Having a whale of a time
Last week I headed north to Hervey Bay, home of the best Humpback whale watching experience in Australia.
There are still a few weeks left until these gentle giants return enmasse to our warm waters, but there’ve been a few offshore sightings to whet the appetite already. Talking to the operators about the coming season reminded me how breathtaking a close-up encounter can be with our Antarctic visitors.
In a few weeks time I’ll be heading north for another totally unique but slightly different experience – swimming with the Dwarf Minke Whales onboard Mike Ball’s expedition vessel Spoilsport.
Hervey Bay’s not far from Brisbane. Jump in the car on a Friday after work, book a late table at a restaurant (my favourite in Queensland has to be Coast) and wake up bright and early ready for a day on the water. Simple.
The Queensland coast has been gifted two natural breakwaters from the rolling Pacific swell; the Great Barrier Reef and Fraser Island. Hervey Bay takes full advantage of these with sheltered, shallow waters behind Fraser Island offering the most comfortable whale watch cruising in Australia.
Our whales know it too! Between July and November every year the migrating Humpbacks stop off with their calves to jump, spy-hop and cruise for a while in their crystal clear underworld. They’re more curious of us humans than we are of them, often spending hours swimming around the whale-watch fleet grabbing a peak of what life’s like in our world.
The official start to this year’s season starts on June 23rd with the Paddle Out For Whales taking place on the main beach at Hervey Bay outside Enzo’s cafe. Last year over 600 people attended the event, which brings awareness to the plight of whales around the planet. This year they’re aiming to have closer to a 1000 people there, so if you own any form of paddle craft, be it a kayak, SUP or outrigger head to the bay for a superb day on the water. I would love to have been there but I’ll be in the UK.
As the season approaches there are some cut-price deals to be had. If you’re thinking about it, stop it! The time to book is now. Visit the Queensland Holidays website to find out more.
At the other end of the Great Barrier Reef, 1400kms to the north, another incredible underwater spectacle is about to take place. From June through to August Dwarf Minke Whales head into the tropical waters around the Ribbon Reefs in North Queensland. They don’t hang around for long though, spending only a few weeks here before disappearing from sight, to date there is no record of where they go.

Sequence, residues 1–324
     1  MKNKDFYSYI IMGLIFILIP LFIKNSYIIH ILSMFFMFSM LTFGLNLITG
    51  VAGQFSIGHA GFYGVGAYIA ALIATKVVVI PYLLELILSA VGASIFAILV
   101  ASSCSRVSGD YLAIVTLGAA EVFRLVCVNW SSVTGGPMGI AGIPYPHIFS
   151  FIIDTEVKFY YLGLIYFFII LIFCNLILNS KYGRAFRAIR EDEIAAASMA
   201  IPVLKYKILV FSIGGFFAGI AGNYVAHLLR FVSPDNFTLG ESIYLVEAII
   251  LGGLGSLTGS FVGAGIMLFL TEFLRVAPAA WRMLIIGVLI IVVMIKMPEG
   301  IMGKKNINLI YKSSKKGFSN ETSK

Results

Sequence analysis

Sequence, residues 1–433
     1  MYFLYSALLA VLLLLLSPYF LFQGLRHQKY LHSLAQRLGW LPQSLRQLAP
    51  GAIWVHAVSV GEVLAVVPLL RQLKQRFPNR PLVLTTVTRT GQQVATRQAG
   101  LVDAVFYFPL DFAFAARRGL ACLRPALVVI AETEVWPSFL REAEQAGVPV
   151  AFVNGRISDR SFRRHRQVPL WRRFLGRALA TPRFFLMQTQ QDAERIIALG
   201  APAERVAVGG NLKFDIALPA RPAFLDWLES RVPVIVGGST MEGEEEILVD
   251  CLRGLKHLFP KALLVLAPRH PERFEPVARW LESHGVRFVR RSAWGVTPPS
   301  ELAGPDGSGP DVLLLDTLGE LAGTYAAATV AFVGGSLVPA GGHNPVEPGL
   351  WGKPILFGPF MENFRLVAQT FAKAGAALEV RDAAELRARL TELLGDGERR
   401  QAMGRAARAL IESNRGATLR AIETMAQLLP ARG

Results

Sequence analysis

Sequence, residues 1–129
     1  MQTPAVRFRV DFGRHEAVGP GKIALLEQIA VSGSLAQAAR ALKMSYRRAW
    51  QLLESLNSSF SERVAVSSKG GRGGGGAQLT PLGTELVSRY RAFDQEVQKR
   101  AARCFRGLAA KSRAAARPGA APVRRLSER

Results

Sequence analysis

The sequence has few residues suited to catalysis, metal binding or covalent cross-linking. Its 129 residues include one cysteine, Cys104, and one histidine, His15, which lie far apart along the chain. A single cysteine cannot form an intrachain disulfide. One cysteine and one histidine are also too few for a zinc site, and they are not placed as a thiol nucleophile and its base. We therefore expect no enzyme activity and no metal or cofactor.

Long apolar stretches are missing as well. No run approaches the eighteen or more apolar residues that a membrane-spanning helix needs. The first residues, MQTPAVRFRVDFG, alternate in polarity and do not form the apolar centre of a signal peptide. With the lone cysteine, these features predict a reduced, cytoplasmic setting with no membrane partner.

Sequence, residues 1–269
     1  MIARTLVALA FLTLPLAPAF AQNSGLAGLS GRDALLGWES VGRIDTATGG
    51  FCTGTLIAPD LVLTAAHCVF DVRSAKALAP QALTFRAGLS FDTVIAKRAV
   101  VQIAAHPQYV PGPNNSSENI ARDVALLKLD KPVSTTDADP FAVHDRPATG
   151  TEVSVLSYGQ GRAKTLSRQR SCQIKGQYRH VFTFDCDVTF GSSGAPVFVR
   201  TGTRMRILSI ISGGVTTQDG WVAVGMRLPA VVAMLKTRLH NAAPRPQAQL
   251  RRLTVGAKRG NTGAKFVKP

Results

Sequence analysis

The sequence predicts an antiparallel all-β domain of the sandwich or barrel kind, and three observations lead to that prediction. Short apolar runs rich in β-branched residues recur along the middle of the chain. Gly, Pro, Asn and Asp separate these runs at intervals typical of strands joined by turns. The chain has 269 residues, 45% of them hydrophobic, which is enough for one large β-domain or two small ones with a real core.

To witness this fascinating encounter you need to travel further out than a standard reef trip allows. The Ribbon Reefs stretch over 400kms along the outer edge of the reef, and it’s here these eight metre beasts enjoy hanging out. They’ve only been sighted here since the late 1990s but interact with snorkellers and divers in a very special way.
Mike Ball Dive Expeditions run a specific trip over seven days that heads to these waters and offer the chance to socialise with these gentle giants by hanging from a line secured to the back of the vessel.
The last three years of diving on the Great Barrier Reef have provided me with the chance to witness some remarkable creatures from tiny, brightly coloured nudibranchs up to immense, agile Manta Rays. But the upcoming trip at the beginning of July has to be one of my most anticipated adventures yet. I’ll be taking a full video and photographic rig with me to capture the escapades and bring them to you on this blog.
The Australian television program 60 Minutes featured the Minkes back in 2010, this clip gives you some idea as to how special the experience really is:
If you’ve never witnessed any of these marine creatures up close and personal like this then there’s no better time to start planning your adventure. Whether you choose to hop onboard with one of the operators in Hervey Bay for an experience tailored to your needs, or on a serious dive trip deep into the Coral Sea you can be guaranteed an adventure that will change your perspective of our world.
Now it’s time to read Jonah and the Whale or watch Whale Rider… whilst I’m in the mood for massive mammals!